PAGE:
Ok, we'll admit it -- we're fascinated by legacies. There's something about mitochondria that makes us trill. A couple weeks ago at Grazia.it, we grilled Gabriel, and this week, we're all about one of the van Zweden kids, Anna-Sophia. The young Dutch daugher of Jaap van Zweden has just graduated from the University of Amsterdam and her career beckons. She's got tons of cards up her (sleeveless) Givenchy gown, and we can't wait to see where they fall.
Or, if your Italian is lame (lamer!), click the link below for the English translation.
Anna-Sophia van Zweden grew up in a house full of music. She recalls her dad playing crib-side violin lullabies and Sunday morning breakfasts to a Bach soundtrack. Many young girls would have protested, but not the daughter of Jaap van Zweden -- the Dutch conductor and current Music Director of the Dallas Symphony Orchestra who studied at Juilliard and later became the Amsterdam Concertgebouw Orchestra's youngest concertmaster in 1979.
In her brilliant couture gowns (some borrowed from her mother’s vintage cache) -- or equally comfortable in a Maria Callas-silkscreened Dolce & Gabbana t-shirt, Celine purse or Christopher Kane shift dress -- Anna-Sophia steps into the spotlight of the rich van Zweden legacy.
She just graduated from the University of Amsterdam with a Bachelors in Cultural Heritage and a minor in Art History, and after a few fashion classes as catalyst, she’s trying her hand at designing: “Sometimes I wake up in the middle of the night with a fabulous idea for a dress or jacket and I have to put it on paper before I can go back to sleep,” she said.
She also dabbles in philanthropy through her mother Aaltje van Zweden–van Buuren’s non-profit Papageno Foundation, an organization that encourages music therapy for children with autism, a family-affair motivated by an autistic brother.
The artist, fashion designer, and visionary tells us how growing up with classical music can inspire great things.
Do you remember the moment you fell in love with classical music?
"Classical music has always been a huge part of my life. Because I was surrounded by it, it was normal. I didn’t realize how special it was to go to the opera with your mother or to watch your father play with the Amsterdam Concertgebouw instead of going to the movies. When I was a teenager I went on vacation with a friend and saw my father playing on TV. It brought me to tears because I suddenly realized how much I loved classical music and how much respect and admiration I had for my family. To me it is a pure, spiritual wealth."
How does your unique cultural upbringing manifest in you?
"Through art and fashion. I’m a very visual person and need to create – I’ve gone through sculpting phases and occasionally I’ve done styling for photo shoots. When I was young, my mother took me to museums around the world and I have the fondest memories of her explaining the artists and the works to me. Although art is my passion, fashion is in my blood. My mother has some of the most beautiful haute couture pieces by Dutch couturier Frank Govers that I remodeled and wear for special occasions."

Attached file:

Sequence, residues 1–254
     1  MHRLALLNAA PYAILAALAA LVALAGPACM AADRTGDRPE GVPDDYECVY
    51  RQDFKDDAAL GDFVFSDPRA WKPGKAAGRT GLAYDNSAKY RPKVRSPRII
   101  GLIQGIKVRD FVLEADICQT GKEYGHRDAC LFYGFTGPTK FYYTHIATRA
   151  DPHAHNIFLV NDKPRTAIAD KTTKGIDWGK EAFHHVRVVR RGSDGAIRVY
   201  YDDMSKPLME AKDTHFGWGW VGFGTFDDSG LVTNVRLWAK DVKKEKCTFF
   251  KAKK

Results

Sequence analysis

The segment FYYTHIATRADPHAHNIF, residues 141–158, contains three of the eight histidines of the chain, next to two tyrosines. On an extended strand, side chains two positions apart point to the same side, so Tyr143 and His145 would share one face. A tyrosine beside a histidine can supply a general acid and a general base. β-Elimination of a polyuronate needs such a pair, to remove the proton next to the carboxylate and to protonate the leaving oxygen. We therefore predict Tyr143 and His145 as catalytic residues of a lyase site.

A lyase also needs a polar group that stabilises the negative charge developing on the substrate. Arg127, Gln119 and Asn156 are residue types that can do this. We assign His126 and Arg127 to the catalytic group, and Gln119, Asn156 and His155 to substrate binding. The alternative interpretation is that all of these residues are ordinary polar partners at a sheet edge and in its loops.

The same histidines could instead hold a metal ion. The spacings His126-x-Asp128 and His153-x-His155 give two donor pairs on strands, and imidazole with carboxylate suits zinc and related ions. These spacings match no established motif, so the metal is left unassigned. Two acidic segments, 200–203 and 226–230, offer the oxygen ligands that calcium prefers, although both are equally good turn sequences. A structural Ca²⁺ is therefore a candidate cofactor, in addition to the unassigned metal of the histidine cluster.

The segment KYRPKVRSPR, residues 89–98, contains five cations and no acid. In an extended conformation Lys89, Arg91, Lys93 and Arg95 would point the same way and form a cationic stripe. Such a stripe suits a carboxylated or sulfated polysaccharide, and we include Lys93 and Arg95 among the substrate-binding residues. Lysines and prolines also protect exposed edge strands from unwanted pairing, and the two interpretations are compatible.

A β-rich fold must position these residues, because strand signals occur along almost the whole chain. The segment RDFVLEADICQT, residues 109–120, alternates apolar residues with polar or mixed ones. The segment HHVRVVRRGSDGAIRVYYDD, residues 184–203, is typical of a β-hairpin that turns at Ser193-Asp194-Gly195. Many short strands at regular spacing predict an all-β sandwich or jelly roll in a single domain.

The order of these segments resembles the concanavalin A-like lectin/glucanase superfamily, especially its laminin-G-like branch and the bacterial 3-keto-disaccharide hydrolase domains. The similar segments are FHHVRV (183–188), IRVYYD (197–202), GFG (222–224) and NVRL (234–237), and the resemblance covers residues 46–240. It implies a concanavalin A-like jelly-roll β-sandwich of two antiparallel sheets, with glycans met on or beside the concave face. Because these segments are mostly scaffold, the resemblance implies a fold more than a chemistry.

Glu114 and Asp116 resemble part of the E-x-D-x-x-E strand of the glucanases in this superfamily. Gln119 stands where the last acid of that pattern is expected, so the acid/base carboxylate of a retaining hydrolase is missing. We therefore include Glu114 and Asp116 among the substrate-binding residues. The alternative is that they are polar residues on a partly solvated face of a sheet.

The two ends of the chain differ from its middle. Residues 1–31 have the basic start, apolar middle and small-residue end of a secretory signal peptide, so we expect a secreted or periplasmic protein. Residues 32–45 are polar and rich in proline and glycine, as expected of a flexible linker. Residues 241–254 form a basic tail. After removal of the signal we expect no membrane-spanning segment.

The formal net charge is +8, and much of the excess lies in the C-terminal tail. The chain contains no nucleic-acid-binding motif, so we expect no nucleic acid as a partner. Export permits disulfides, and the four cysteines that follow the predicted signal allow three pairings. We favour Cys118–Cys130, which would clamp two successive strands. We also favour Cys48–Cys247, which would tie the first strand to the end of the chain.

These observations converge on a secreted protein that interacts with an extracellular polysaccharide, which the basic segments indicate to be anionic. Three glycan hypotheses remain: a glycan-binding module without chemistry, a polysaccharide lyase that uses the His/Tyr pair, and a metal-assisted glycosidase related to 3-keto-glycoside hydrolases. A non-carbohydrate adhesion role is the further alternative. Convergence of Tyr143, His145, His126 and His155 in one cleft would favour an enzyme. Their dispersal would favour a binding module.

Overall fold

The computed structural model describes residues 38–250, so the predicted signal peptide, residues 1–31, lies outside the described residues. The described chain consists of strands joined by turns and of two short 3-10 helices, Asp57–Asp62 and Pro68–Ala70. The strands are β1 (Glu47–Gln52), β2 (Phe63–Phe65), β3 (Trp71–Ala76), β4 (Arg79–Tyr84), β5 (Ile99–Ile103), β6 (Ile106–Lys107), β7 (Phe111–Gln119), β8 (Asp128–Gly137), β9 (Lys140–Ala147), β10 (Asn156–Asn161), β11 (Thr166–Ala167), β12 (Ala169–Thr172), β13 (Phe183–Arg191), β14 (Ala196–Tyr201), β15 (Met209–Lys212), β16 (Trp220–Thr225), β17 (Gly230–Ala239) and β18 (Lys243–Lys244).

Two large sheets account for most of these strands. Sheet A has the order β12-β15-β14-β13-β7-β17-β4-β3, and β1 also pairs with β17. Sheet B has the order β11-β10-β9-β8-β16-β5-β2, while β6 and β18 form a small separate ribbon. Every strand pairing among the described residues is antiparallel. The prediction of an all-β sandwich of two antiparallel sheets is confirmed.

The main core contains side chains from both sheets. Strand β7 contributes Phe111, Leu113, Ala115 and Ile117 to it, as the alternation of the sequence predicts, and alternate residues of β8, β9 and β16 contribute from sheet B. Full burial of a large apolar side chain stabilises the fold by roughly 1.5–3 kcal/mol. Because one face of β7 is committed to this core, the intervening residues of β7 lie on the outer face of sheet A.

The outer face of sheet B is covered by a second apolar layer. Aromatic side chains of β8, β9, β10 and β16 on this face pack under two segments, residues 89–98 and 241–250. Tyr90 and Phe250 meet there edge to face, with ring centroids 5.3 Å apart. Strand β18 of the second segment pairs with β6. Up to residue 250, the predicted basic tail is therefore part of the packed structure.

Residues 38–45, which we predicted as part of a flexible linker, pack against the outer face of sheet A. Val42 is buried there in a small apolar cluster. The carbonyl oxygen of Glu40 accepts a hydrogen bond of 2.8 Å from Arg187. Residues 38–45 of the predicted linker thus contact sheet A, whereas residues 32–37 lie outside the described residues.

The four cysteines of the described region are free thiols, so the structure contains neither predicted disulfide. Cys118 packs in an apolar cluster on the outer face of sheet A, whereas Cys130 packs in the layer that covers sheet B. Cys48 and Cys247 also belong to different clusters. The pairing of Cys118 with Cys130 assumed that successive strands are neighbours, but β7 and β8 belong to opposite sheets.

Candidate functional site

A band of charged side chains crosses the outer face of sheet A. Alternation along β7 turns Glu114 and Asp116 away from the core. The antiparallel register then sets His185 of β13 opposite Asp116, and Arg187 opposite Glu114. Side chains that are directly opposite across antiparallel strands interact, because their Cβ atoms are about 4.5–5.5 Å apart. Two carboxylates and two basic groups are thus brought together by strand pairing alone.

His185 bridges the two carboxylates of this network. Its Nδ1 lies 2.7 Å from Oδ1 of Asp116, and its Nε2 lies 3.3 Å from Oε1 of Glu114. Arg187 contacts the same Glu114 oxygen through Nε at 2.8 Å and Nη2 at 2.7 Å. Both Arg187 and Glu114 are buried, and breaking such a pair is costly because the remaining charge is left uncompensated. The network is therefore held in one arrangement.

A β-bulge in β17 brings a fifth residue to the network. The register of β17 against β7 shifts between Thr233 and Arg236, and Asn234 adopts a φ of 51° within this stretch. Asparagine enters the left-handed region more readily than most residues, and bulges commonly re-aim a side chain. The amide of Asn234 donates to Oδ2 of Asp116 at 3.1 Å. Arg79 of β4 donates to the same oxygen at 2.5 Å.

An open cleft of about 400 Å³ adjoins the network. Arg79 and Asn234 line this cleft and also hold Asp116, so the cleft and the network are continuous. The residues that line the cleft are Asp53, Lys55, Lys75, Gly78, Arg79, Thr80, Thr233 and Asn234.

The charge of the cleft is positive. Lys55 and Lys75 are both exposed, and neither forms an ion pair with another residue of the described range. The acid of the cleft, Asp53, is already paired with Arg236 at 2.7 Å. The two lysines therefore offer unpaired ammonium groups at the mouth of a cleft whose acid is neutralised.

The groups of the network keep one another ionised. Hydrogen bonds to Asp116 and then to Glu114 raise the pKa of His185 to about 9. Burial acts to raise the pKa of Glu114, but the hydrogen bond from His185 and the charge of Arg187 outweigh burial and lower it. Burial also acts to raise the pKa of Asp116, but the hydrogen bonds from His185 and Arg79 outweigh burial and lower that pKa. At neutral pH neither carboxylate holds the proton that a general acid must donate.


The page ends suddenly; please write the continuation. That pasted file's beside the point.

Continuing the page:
What about the synthesis between classical music and fashion?
"All arts are connected -- it’s just a matter of media in which the artist creates. I’m inspired by artists like Alexander McQueen who reframed art history and classical music: his last collection had breathtaking Renaissance allusions to Bosch’s The Garden of Earthly Delights and Vermeer in the textiles. I’m also inspired by opera productions that bring fashion to the opera stage – Prada, Viktor & Rolf, Missoni. It’s a great skill to channel fashion in such a visual manifestation and weave it into the composer’s music, libretto, and sensibility. Personally, classical music and fashion culminate for me by dressing up for a special nights at the symphony – it’s part of the magic and a way to show appreciation for the music and musicians."
What’s coming up the next few months?
"Right now I’m celebrating my graduation on our family yacht with friends and family in St. Tropez. Next week, we’ll sail to Monaco, Monte Carlo for a concert with my father and American violinist Joshua Bell at the Royal Palace for Wagenaar's Cyrano de Bergerac overture, Bruch's Violin Concerto no.1, and Beethoven's Fifth symphony."
"This fall, for the third year, I’m hosting the Dallas Symphony Gala After-Party on September 17th. Joshua Bell is performing with the Dallas Symphony Orchestra and my father is conducting. As chair of the event, it’s my job to attract new crowds. One of the ways I find most effective is to focus on the glamour and uniqueness of the event, which I apply to my personal styling -- the past years for instance I restyled a vintage 1980s Givenchy dress or found a rare lace from France to incorporate into a dress. I like to borrow from my European legacy."
"On September 24th I’m co-chairing a new charity event in Dallas called ReDefine at George Michael’s and Kenny Goss’s Goss-Michael Foundation, a contemporary art foundation, to benefit the Staying Alive Foundation. It’s sponsored by MTV and the event will include an art auction of Damien Hirst and Tracey Emin works, a concert, and an after party."